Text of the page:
Criminal inquiry launched into Craig Whyte’s Rangers takeover
RANGERS faces a criminal inquiry after prosecutors ordered police to investigate Craig Whyte’s takeover, which has seen the club condemned to liquidation.
• Prosecutors order police to investigate Craig Whyte’s takeover in May 2011
• Sir David Murray sold an 85% shareholding for £1 to Mr Whyte
• Mr Whyte has repeatedly denied any criminality in his takeover
The Crown Office has instructed Strathclyde Police to investigate the May 2011 deal, which saw an 85 per cent shareholding bought for £1 from Sir David Murray.
Meanwhile, “newco” Rangers was facing the prospect of life outside the Scottish Premier League, with at least six clubs opposed to its entry.
Fans have welcomed the Crown Office move, saying the police is the only body capable of getting to the truth of the club’s fall from grace.
Rangers entered administration on 14 February, because of the alleged non-payment of £9 million taxes to HMRC. Administrator Duff & Phelps later estimated the club could owe a total of £134m.
It also emerged that Mr Whyte used a £26.7m deal with investment firm Ticketus – in which it paid for the rights to sell Rangers season tickets – to help seal his takeover.
Mr Whyte has since been handed a lifetime ban from football by the Scottish Football Association.
Police involvement began with documents handed to Strathclyde officers by Duff & Phelps in February.
The force has now shared its preliminary findings with the Crown Office, which has ordered a full criminal investigation, effectively widening the scope of the inquiry.
“The procurator fiscal for the west of Scotland will now work with Strathclyde Police to fully investigate the acquisition and financial management of Rangers Football Club and any related reports of alleged criminality during that process,” the Crown Office said in a statement yesterday.
Mr Whyte has repeatedly denied any criminality in his takeover. Speaking in February, he said: “I have absolutely nothing to fear because any fair investigation will prove that I have always acted in the best interests of Rangers and been involved in no criminal wrongdoing whatsoever.”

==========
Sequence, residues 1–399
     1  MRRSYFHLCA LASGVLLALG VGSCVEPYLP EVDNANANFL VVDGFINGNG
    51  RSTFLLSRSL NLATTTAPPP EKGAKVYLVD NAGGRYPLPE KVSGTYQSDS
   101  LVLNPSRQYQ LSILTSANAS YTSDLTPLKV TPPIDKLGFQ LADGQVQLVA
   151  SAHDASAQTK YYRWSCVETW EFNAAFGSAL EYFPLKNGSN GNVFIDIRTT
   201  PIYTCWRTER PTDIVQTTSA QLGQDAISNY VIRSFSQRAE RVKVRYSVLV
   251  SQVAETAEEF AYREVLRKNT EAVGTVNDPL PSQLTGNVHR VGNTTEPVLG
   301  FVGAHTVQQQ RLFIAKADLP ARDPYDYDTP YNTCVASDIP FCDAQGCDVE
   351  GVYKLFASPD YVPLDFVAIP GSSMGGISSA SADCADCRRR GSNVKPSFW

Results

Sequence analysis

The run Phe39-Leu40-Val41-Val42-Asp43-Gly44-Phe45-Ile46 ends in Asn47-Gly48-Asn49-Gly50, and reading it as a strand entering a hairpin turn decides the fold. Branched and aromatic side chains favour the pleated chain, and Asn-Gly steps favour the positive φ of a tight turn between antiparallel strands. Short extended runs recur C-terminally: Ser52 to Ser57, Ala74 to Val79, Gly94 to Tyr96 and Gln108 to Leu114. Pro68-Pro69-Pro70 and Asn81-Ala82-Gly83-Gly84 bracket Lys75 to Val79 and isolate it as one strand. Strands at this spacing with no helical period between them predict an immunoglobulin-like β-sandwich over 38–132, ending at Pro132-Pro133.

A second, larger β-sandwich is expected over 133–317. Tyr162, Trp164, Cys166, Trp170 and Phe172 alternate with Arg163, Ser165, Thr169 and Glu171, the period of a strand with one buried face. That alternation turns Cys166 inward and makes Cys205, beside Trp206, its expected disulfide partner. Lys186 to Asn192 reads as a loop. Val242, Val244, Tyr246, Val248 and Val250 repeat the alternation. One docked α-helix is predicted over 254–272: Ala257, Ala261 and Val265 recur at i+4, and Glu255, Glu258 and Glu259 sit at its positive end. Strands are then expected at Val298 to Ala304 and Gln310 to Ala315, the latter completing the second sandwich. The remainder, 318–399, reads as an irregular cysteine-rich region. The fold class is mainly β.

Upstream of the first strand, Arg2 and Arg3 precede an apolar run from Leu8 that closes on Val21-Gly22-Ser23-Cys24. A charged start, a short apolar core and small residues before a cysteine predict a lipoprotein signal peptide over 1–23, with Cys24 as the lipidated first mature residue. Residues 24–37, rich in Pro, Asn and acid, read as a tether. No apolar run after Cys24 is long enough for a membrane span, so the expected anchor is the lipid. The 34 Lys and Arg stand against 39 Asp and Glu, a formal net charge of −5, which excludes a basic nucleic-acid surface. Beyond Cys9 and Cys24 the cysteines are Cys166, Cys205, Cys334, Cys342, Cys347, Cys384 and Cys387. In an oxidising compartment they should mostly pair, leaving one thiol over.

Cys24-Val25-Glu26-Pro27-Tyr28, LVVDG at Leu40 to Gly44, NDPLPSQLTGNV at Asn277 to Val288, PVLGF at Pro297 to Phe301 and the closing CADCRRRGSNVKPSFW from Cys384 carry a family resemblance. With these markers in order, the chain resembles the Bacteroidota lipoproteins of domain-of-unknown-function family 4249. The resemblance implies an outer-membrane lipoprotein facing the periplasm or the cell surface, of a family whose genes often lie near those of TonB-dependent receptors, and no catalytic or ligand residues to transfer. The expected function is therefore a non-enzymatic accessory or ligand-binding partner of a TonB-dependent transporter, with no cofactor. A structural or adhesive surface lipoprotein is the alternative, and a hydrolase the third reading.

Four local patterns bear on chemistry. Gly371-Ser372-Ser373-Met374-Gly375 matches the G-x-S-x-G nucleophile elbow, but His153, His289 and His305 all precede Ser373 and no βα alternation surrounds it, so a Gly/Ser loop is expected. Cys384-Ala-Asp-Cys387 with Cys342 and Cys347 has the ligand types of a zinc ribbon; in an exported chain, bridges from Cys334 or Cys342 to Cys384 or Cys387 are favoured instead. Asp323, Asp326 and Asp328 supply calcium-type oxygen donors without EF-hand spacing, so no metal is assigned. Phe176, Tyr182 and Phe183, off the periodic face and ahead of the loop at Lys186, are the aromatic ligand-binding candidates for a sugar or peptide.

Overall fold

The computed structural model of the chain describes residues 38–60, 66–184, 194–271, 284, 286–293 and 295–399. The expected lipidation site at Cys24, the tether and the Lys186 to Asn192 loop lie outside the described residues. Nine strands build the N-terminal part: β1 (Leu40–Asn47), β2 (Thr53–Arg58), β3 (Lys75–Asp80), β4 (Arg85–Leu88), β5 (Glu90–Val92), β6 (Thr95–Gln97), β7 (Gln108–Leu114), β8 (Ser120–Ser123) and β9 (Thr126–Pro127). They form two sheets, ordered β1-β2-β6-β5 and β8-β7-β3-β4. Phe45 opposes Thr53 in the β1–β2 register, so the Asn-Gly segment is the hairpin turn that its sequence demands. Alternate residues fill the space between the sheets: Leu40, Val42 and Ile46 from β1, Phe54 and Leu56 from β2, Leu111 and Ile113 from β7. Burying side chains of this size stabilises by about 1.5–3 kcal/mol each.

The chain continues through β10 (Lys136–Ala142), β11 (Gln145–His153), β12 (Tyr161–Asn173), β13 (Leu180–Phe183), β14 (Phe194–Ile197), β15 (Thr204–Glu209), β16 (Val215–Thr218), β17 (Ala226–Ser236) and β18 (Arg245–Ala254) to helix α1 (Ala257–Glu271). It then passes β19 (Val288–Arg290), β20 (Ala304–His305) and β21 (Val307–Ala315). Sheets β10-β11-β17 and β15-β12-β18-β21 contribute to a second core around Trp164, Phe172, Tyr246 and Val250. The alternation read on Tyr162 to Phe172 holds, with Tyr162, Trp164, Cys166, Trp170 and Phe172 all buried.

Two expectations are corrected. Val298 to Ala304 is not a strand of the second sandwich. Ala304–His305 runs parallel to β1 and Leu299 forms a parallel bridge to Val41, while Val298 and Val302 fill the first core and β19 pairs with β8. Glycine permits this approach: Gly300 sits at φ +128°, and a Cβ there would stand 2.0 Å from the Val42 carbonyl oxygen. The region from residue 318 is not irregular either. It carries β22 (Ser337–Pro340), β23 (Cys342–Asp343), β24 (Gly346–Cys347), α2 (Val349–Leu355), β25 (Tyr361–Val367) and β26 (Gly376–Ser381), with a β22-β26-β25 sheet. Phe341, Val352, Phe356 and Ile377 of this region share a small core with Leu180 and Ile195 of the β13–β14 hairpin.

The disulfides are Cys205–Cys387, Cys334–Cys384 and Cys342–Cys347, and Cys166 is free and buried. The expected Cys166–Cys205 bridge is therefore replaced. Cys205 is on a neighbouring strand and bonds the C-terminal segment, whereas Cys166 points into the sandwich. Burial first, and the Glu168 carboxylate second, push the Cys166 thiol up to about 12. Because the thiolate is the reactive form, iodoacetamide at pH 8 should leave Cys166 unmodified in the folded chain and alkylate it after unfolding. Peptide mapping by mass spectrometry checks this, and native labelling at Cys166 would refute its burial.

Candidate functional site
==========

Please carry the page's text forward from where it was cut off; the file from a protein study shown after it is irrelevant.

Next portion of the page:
Police may also investigate claims against the administrator.
Last month, Duff & Phelps threatened legal action after the BBC alleged that the firm’s senior partner, David Grier, was aware of Mr Whyte’s scheme to buy Rangers using Ticketus cash.
At the Court of Session in Edinburgh on Friday, Lord Hodge called for a full report into the BBC’s claims, adding: “There is considerable public interest in this jurisdiction in relation to the administration.”
Both Duff & Phelps and the club have welcomed the Crown Office statement, with the administrator pledging to work with police.
Malcolm Murray, new chairman of Rangers Football Club, said: “The board’s priority is to rebuild the club for the future and we are 100 per cent focused on that task. We welcome any investigation that examines events at the club and will offer every assistance if required.
“Rank-and-file Rangers fans are blameless. They want answers and for those responsible for the club’s fate in recent times to be held to account. Hopefully, this investigation will assist.”
Rangers fans have endured a turbulent few months, which has seen their team go from title challengers to facing an SPL exit.
Mark Dingwall, board member of the Rangers Supporters Trust, said: “We are delighted the Crown has announced this because, frankly, only the police have the necessary powers and investigative tools to get to the bottom of what’s been happening.”
But Derek McCallum, 26, from Dunoon, said: “Every new piece of bad news tarnishes the club’s image even more. That’s just bad for Scottish football as a whole.”
This month, Duff & Phelps negotiated the sale of the club’s assets to a consortium led by Charles Green for £5.5m, after the Yorkshire businessman had a company voluntary agreement rejected by creditor HMRC. Rangers now face liquidation.
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